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Unauthorized internet reseller of plaintiff’s products is not guilty of trademark infringement, and does not cause actionable initial interest confusion, by using plaintiff’s trademarks in meta tags of website at which plaintiff’s and its competitors’ products are sold, and in...

GTX Global Corp. v. Left

2007 WL 1300065 (Cal. Crt. App., 2d Dist., My 4, 2007)

California’s Anti-SLAPP Statute Mandates Dismissal Of Plaintiff’s Defamation Claims

Granting defendant’s motion pursuant to California’s anti-SLAPP statute, Cal. Code Civ. Pro. Section 425.16, the court affirms the dismissal of plaintiff GTX Global Corp.’s (“GTX”) complaint, and awards defendant Andrew Left (“Left”) attorneys fees expended both in defending this suit and plaintiff’s appeal from the decision of the court below.  SLAPP is an acronym that stands for “Strategic Lawsuits Against Public Participation.”  GTX had sued Left, who runs the website, for publishing statements critical of GTX.  GTX charged that these statements were defamatory, and asserted claims of trade libel, interference with prospective economic advantage, and securities fraud against Left arising out of their publication.

The court found that Left’s statements were subject to the protections afforded by the anti-SLAPP statutes, because they addressed matter of public interest.  Finding that GTX had failed to submit any evidence that defendant’s challenged statements were false or defamatory, the court accordingly dismissed the suit. Publishes Statements Critical Of GTX

Plaintiff GTX is a publicly traded corporation that provides technology that facilitates multimedia communications.
Defendant Andrew Left (“Left”) publishes the weblog on which he publishes information and opinion about stocks he describes as ‘lemons.’  Claiming Left posted defamatory statements on his website about GTX in an effort to drive down the price of its stock, and thereby profit on ‘short positions,’ GTX commenced this suit,  asserting claims of trade libel, interference with prospective economic advantage, and securities fraud.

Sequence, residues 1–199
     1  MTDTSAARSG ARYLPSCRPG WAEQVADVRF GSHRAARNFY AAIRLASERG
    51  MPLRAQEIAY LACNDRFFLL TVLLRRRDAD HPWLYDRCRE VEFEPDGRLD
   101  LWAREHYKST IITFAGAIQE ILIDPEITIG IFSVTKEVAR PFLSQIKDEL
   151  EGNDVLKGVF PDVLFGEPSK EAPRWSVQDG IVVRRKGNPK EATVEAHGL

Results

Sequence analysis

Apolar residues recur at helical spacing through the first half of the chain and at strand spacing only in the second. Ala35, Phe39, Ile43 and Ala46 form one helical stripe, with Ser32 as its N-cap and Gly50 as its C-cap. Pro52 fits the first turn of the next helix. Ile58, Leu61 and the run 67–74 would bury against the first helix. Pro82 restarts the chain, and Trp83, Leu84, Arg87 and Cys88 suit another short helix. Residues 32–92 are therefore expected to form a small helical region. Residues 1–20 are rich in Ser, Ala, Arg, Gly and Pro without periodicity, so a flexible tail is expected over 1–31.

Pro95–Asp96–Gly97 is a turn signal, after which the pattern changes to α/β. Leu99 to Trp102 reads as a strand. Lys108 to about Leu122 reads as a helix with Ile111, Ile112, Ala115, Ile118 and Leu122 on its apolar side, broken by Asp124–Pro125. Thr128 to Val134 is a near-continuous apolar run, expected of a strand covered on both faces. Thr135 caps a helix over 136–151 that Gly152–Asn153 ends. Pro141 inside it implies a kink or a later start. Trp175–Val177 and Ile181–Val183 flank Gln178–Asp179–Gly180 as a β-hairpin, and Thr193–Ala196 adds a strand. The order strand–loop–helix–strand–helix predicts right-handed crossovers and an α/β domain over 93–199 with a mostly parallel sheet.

Left moved to dismiss pursuant to California’s anti-SLAPP statute, Cal. Civ. Code Section 425.16.  The trial court granted Left’s motion, and both dismissed plaintiff’s suit and awarded Left the attorney’s fees expended in its defense.  On appeal, an intermediate California appellate court affirmed.

Statements At Issue Address Matter Of Public Interest Protected By Anti-SLAPP

To determine whether a movant is entitled to relief under California’s anti-SLAPP statute, the Court engages in a two part inquiry.  First, the movant must establish that the claim asserted against him arise “from any act of [the movant] in furtherance of the person’s right of petition or free speech …”.  Among other things, both statements “made in a place open to the public or a public forum in connection with an issue of public interest” 425.16(e)(3) and “conduct in furtherance of the exercise of the constitutional right of petition or the constitutional right of free speech in connection with a public issue or an issue of public interest, “are acts in furtherance of a person’s right of petition or free speech and accordingly subject to the protections of the Act.